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COMMUNITY OPINION: Let’s Get Back to Hometown California

Hollister Vice Mayor Marty Richman says to welcome new residents, not scapegoat them.

This community opinion was contributed by Hollister Vice Mayor Marty Richman. The opinions expressed do not necessarily represent BenitoLink or other affiliated contributors.

Our official city seal is a rendition of the iconic clocktower at the corner of Fourth and San Benito Streets, the word “Hollister”, the year of establishment (1872) and words, “Hometown California.” We need to get back to the attitude that made Hollister “Hometown California” for so many.

It’s significant that the seal does not just say hometown; the word hometown by itself means the place you were born, where you grew up, or where you reside. To me the term “Hometown California” means more, a place where you will be welcome – where you will be invited to make it your personal hometown in every way even of you were not born or grew up here. We are inviting you to adopt Hollister as your own.

There is no question that change is stressful and some people have a very difficult time adjusting to new situations because sometimes they only see the negatives. This problem has been exacerbated because the rate of change is increasing and, simultaneously, the world is shrinking – change often comes from farther and farther away.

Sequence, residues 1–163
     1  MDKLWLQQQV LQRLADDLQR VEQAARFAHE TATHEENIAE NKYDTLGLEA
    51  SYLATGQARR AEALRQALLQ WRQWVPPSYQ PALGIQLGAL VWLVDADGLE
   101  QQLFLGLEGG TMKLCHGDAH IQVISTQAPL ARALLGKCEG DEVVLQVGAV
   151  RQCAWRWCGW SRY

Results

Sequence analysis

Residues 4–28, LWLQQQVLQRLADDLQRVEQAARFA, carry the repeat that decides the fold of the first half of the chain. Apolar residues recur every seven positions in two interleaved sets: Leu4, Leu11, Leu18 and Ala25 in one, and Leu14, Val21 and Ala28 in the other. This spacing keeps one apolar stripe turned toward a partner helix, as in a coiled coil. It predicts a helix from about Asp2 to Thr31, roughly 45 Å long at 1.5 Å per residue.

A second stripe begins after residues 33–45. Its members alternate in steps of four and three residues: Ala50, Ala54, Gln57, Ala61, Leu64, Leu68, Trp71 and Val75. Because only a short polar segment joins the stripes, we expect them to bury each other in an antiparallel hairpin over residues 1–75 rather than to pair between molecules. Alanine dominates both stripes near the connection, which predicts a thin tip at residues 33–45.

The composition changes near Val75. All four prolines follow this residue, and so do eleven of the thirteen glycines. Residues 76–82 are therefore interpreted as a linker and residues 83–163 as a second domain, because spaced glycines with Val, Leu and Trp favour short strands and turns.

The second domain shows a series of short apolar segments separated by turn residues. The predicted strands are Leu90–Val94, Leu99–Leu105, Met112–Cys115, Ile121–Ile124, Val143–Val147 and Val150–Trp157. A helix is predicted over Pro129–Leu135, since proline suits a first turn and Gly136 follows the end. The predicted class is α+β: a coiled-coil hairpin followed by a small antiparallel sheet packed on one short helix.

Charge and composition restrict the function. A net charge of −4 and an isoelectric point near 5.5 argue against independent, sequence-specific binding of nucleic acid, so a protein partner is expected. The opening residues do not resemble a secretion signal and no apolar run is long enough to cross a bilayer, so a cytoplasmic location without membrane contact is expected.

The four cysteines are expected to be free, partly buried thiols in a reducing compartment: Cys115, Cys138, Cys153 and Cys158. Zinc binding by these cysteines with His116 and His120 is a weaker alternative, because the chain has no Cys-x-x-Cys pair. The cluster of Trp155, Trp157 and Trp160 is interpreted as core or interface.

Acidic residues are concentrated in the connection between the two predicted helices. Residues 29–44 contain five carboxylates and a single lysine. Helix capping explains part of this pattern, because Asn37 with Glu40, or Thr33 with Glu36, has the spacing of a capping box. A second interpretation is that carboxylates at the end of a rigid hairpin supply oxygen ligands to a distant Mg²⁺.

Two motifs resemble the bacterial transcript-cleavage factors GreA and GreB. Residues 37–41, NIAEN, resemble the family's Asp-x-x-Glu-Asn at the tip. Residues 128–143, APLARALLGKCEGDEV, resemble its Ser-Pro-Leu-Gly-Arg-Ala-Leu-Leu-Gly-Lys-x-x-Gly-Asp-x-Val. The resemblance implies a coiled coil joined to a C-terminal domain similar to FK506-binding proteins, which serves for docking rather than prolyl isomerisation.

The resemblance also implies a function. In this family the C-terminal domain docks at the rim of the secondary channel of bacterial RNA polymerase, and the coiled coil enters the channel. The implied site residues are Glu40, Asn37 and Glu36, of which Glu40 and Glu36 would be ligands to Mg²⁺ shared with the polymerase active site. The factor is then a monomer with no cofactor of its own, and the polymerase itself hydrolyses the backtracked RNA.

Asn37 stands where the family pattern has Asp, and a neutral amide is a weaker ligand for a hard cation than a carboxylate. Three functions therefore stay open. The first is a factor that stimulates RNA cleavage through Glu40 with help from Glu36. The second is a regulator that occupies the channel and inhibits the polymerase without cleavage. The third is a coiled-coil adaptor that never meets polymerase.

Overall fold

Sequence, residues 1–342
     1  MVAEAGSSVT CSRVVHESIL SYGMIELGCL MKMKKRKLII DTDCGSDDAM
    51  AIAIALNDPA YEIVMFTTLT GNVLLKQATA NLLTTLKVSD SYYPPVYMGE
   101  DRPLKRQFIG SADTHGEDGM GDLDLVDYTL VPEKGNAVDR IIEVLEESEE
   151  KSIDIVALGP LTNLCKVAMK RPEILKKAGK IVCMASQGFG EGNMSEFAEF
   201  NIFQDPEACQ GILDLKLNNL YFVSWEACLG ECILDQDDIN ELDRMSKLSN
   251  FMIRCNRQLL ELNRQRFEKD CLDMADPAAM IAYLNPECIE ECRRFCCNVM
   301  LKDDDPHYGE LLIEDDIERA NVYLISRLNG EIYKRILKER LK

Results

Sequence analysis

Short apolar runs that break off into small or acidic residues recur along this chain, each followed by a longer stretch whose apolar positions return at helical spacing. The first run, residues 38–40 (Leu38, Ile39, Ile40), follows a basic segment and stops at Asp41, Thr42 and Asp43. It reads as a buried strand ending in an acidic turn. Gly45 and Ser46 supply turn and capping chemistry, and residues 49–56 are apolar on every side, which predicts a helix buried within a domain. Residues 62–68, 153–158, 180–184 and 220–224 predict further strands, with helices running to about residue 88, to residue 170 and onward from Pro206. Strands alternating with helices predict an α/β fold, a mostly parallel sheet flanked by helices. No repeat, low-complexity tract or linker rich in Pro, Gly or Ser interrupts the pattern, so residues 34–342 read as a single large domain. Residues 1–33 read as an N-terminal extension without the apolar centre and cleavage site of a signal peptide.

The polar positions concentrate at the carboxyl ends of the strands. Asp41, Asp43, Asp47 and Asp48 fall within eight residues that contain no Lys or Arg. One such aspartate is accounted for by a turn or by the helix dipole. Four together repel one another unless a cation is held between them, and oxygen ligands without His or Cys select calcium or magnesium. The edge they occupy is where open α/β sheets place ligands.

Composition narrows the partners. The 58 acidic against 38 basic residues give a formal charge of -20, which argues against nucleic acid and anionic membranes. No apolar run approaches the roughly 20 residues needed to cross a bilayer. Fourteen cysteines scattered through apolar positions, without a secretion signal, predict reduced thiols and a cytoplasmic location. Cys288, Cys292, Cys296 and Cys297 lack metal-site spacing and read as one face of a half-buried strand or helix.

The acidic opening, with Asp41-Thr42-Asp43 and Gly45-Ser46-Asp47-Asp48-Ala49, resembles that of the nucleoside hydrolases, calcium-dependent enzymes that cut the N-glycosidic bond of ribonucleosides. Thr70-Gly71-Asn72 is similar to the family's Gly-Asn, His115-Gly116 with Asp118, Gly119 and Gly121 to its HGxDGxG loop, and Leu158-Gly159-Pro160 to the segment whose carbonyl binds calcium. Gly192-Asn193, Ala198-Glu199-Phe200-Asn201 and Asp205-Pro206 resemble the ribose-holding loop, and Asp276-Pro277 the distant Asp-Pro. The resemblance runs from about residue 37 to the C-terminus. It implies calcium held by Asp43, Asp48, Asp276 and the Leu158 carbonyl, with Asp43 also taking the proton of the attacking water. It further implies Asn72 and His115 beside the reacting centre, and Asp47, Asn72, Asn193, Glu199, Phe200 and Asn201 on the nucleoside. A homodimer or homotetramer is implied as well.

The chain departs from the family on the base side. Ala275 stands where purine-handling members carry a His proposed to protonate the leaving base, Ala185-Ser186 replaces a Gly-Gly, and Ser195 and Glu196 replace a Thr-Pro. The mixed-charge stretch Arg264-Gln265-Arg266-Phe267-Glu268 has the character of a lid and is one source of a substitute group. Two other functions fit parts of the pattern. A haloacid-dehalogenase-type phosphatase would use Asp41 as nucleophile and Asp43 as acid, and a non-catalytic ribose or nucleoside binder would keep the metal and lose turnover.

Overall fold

The reaction often results in scapegoating, blaming the elements of change, especially the new residents, for every problem. Crime is one of the primary areas of scapegoating. A recent article about the arrest of an armed suspect drew the immediate comment that it was the result of all the “new people” moving in. It turned out that the suspect was a long-time resident not to mention that Hollister has always had its fair share of crime, including violent crime.

If you’re crawling along Highway 25 there is no way to know that the other drivers are new residents. After all, as job availability and compensation grew in Santa Clara County more and more of those born and raised here took to commuting; oh, by the way, why are you on the road? “If you’re stuck in traffic you are traffic.”